NIPCC 2013: The Medieval Warm Period (900–1300 AD) that followed was marked by global temperatures warmer than at present, as indicated by the flourishing of grain crops, elevation of alpine tree lines, and building of many new towns and cities as the European population more than doubled. The Vikings took advantage of the climatic amelioration to colonize Greenland in 985 AD, when milder climates allowed favorable open-ocean conditions for navigation and fishing. Wine grapes were grown about 500 km north of present vineyards in France and Germany, and also in the north of England (Oliver, 1973; Tkachuck, 1983). Wheat and oats were grown around Trondheim, Norway, suggesting climates about one degree C warmer than the present (Fagan, 2009).

The words highlighted in green are identical between the two pieces of text, and the exact sequence most of the other elements of the original are maintained in the NIPCC report version.

Most amusingly, given that the NIPCC is committed to presenting the Medieval Climate Anomaly as both global and warmer than at present, is Easterbrook’s change to his first sentence: in 2011 “global temperatures were apparently somewhat warmer than at present”, but by 2013 he has become much more certain.

However hard you look, you won’t find a reference to the µWatts original in the NIPCC report, only to Easterbrook’s 2011 remarkable2 Elsevier book, Evidence-Based Climate Science: Data opposing CO2 emissions as the primary source of global warming (Amazon listing), where the error-ridden graph appears as Fig 24 on page 24. A little later in the book, on page 26, we find the above text from Easterbrook’s µWatts article repeated in full3.

Apart from being too lazy to correct an error from the beginning of 2011 for his book published nine months later, or this year’s NIPCC report4, Easterbrook appears to be a serial self-plagiarist with little or no concern for the accuracy of the stuff he publishes.

Life is too short to dig much further into the NIPCC’s misrepresentation of the state of our knowledge about the earth’s cryosphere and its response to warming, but its reliance on the “work” of Don Easterbrook is a telling indication that it is far from being the “scholarly report” its publishers claim. It is a parody of the IPCC, an inversion of the scientific process. It is the Heartland Institute’s Big Book Of Lies About Climate Change, and will be deservedly ignored by the reality it so badly traduces.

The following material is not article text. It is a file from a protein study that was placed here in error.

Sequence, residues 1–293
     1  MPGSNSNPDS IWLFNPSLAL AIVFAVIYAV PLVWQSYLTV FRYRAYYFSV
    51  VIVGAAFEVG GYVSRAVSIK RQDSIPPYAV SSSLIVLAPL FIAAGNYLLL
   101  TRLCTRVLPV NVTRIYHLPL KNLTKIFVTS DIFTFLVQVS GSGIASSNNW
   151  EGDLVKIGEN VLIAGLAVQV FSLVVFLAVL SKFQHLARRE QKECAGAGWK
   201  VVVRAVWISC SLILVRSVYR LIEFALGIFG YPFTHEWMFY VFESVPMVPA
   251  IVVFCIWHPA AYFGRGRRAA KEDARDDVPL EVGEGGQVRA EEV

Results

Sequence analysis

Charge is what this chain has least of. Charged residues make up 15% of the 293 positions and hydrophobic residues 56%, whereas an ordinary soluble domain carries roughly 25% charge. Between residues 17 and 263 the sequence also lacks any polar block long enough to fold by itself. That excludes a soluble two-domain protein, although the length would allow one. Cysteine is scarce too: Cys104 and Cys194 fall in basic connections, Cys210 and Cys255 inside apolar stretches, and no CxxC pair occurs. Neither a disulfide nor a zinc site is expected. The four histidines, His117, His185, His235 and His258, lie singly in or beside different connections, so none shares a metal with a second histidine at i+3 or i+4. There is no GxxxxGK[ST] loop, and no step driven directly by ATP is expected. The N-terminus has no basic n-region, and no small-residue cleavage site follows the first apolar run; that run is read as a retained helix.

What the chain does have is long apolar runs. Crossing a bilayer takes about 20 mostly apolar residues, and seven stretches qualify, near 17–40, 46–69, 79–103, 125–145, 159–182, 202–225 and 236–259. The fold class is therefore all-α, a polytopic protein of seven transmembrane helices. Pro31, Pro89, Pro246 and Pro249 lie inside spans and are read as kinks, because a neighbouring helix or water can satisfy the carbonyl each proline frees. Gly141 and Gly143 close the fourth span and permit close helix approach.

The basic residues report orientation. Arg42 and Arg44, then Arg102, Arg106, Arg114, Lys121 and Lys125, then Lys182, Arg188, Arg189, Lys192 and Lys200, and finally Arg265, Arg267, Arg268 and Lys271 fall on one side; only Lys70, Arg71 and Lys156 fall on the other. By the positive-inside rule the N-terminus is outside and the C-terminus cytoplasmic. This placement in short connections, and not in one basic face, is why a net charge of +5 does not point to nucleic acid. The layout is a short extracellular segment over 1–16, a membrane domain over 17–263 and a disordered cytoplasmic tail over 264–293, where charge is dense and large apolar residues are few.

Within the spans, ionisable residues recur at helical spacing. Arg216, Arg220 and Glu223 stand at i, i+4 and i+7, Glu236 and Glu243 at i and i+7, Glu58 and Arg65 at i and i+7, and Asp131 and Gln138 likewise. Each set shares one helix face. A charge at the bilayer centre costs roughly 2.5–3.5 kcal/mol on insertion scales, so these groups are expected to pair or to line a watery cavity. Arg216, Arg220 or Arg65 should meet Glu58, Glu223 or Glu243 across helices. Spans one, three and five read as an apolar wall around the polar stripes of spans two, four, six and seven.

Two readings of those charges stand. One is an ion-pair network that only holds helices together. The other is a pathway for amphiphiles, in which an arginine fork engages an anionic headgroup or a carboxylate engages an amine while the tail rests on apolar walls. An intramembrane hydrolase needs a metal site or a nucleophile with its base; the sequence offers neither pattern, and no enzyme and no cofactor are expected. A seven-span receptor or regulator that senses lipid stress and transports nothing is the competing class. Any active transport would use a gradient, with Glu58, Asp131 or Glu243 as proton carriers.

[Thanks to Jason Box and Mauri Pelto for taking time to look over the NIPCC chapter. It's time they'll never get back...]

  1. Carter is also one of the lead authors of the full report.
  2. See my post from October 2011 on the contents and authors, who include Monckton and blogger Steven Goddard!
  3. See the Amazon listing for the book, then click on the “look inside” feature, and scroll down.
  4. Or even for a blog post published at µWatts today!

Denier cacophony escalates as IPCC release draws near cindy Sep 25

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Cartoon figures of leading climate deniers in the "Dealing in Doubt" report.

Cartoon figures of leading climate deniers in the “Dealing in Doubt” report.

As governments meet in Stockholm this week to finalise the IPCC’s Summary for Policymakers for its Working Group 1 report release,  I wonder if they can hear the shouting match going on in the world’s blogosphere and in some media.

The bleating of deniers is reaching a cacophony. They are rolling out every single trick they possibly can ahead of the report release.

Global warming’s paused and nobody knows why!
The IPCC’s halved its prediction!
NIPCC report says global warming isn’t happening! 

But their strategy isn’t going that well:  the Daily Mail, Daily Telegraph, The Australian and Australian Telegraph were all forced to retract part of their claims, as they were simply wrong.

Setting aside the cherry-picked shrieking, what’s what’s actually in the draft IPCC report has been leaking out over recent weeks, with the majority of the coverage, undertaken by some of the world’s better science reporters, telling it how it is.  Here’s some of it:

  • Bloomberg: The ice at both poles is melting faster than thought.
  • Reuters: The “hiatus” in warming is unlikely to last
  • Reuters: New Colour Purple depicts worsening climate risks
  • BBC: Human role in warming ‘more certain’ – UN climate chief

Scientists are also jumping in to explain some of the cherrypicked hysteria, such as this great piece by NSW University climate scientis Dr Andy Pitman in The Conversation. Many others are fighting back as well.  But it’s still a debate. And the public is probably still confused.

Dealing in Doubt

I’ve just finished the latest version of Dealing in Doubt, written for Greenpeace, updated since 2010.   The report outlines a history of the attacks on climate science, scientists and the IPCC over the last 25 years.  It’s by no means a full account and there are many players and incidents missed.  But it gives a flavour of the doubt-dealing strategies, funded by the fossil fuel industry over recent decades.  The same tactics they’re rolling out right now.